Road water.

 
The flooding in the inhabited areas around here has subsided, but there are still parts that are underwater.

I eased my car up to the park entrance and tried to comprehend its status. The portable street department barricade seemed to indicate it was closed. But then again, it was half toppled, two of it’s metal legs sprawled on the asphalt, and some of the wood was splintered. 

So I took the chance and followed the road up and over the earthen flood-control berm and descended into the riverside park. At the shelter, I spotted three parked vehicles and few people milling around. It was the weekend, so I was pretty sure they weren’t city workers. If I was entering a restricted area, at least I wasn’t going to be the only one getting in trouble.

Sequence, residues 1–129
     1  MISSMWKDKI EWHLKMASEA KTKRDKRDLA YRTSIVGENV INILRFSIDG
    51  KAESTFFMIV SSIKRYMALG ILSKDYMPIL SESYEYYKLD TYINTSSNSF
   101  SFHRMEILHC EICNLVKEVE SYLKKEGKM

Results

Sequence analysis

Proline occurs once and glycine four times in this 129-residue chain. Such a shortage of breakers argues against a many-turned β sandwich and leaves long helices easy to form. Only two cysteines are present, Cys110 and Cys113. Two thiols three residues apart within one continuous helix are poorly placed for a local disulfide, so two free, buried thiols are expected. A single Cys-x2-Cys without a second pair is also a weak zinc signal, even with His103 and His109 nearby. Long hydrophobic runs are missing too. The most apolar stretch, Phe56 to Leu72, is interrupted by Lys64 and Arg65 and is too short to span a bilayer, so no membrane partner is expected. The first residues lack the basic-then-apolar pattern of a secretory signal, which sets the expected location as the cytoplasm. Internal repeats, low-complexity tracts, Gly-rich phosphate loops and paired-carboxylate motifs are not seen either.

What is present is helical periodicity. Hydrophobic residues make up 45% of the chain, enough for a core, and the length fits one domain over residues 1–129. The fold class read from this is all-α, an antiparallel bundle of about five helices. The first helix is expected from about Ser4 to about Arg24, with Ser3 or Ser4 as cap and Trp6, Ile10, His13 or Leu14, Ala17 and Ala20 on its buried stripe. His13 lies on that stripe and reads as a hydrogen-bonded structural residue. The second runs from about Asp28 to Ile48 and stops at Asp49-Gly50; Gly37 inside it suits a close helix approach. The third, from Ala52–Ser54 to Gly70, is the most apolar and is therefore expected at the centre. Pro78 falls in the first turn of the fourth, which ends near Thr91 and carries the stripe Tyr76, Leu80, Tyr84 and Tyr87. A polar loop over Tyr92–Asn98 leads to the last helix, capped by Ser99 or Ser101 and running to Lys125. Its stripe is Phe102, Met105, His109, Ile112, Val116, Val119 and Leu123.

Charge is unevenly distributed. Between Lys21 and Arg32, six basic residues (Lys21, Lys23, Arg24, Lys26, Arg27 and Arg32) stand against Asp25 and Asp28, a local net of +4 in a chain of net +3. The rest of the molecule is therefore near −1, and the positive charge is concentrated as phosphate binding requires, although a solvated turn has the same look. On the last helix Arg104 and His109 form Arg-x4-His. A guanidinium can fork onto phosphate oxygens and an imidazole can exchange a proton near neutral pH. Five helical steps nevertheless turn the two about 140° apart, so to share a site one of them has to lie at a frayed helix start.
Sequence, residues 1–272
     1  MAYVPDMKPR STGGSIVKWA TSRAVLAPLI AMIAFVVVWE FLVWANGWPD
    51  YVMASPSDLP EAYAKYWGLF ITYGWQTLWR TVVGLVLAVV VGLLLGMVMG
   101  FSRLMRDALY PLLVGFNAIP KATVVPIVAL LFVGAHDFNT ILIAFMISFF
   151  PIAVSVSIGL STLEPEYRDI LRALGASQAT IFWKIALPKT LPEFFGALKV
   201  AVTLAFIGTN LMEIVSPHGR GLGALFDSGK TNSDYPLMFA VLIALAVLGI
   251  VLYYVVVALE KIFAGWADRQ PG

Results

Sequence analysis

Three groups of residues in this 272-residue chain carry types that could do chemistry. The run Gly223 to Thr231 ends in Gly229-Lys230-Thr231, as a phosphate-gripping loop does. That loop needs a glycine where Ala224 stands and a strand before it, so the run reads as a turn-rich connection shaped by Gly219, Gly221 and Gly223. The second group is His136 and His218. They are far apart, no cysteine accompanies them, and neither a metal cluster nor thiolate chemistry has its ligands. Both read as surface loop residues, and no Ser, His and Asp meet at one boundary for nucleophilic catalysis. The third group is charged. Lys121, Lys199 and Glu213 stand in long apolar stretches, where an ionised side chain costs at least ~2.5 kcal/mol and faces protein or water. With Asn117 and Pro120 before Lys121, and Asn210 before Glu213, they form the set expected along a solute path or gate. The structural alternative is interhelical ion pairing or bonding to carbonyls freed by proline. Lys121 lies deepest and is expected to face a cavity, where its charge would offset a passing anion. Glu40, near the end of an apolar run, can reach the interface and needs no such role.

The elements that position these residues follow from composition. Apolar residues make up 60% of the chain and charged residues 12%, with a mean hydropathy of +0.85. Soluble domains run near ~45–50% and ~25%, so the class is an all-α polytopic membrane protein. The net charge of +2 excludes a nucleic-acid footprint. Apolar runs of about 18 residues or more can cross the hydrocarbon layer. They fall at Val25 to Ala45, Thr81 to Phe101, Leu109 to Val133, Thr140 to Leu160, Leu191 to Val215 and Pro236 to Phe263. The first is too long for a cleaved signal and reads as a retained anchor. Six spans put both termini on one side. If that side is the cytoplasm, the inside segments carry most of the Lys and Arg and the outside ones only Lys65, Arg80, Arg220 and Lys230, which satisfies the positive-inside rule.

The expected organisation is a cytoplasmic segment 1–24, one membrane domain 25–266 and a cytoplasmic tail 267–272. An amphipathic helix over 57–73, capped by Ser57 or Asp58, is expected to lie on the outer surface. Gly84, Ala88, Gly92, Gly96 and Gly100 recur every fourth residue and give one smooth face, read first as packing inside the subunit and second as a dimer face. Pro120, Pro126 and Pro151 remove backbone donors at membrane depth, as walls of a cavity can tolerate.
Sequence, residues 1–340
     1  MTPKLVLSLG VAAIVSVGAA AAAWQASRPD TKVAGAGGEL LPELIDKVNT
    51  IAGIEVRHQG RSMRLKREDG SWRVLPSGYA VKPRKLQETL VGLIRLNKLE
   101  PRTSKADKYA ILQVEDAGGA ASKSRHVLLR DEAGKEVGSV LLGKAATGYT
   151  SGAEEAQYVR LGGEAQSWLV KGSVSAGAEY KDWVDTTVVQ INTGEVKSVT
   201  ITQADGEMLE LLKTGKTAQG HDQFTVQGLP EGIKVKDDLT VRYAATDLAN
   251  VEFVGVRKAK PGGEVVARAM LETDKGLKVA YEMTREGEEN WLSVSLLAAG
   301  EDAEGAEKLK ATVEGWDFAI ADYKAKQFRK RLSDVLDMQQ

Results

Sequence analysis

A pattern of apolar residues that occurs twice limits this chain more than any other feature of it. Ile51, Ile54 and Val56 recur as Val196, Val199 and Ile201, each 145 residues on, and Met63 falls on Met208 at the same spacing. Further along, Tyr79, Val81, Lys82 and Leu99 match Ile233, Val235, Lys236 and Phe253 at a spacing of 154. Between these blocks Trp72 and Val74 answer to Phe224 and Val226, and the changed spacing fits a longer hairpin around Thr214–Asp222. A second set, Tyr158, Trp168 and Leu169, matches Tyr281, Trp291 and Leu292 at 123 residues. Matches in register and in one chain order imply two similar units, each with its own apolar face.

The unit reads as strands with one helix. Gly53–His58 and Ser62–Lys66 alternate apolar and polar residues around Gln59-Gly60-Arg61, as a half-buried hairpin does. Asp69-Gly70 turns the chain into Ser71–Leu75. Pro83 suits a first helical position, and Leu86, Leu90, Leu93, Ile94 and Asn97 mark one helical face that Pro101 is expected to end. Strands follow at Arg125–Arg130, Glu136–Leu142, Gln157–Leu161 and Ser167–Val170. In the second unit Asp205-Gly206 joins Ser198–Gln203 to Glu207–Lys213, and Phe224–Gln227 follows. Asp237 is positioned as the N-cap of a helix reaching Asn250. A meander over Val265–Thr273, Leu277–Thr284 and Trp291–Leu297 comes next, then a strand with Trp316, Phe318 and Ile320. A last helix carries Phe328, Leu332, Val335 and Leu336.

Beyond the shelter, the backwater lake was overflowing, and water covered sections of the walking path.

On down the road I drove until the water began to lap at the pavement, and I pulled over to explore on foot. I didn’t get too far before my shoes found mud. Not your typical soaked earth, this was flood river mud. It had a fine, smooth consistency, smelled like rotting fish and clung to everything it touched. 

Perhaps the barricades weren’t to keep us from danger but were to save us from the muck and the stench.

trail water.

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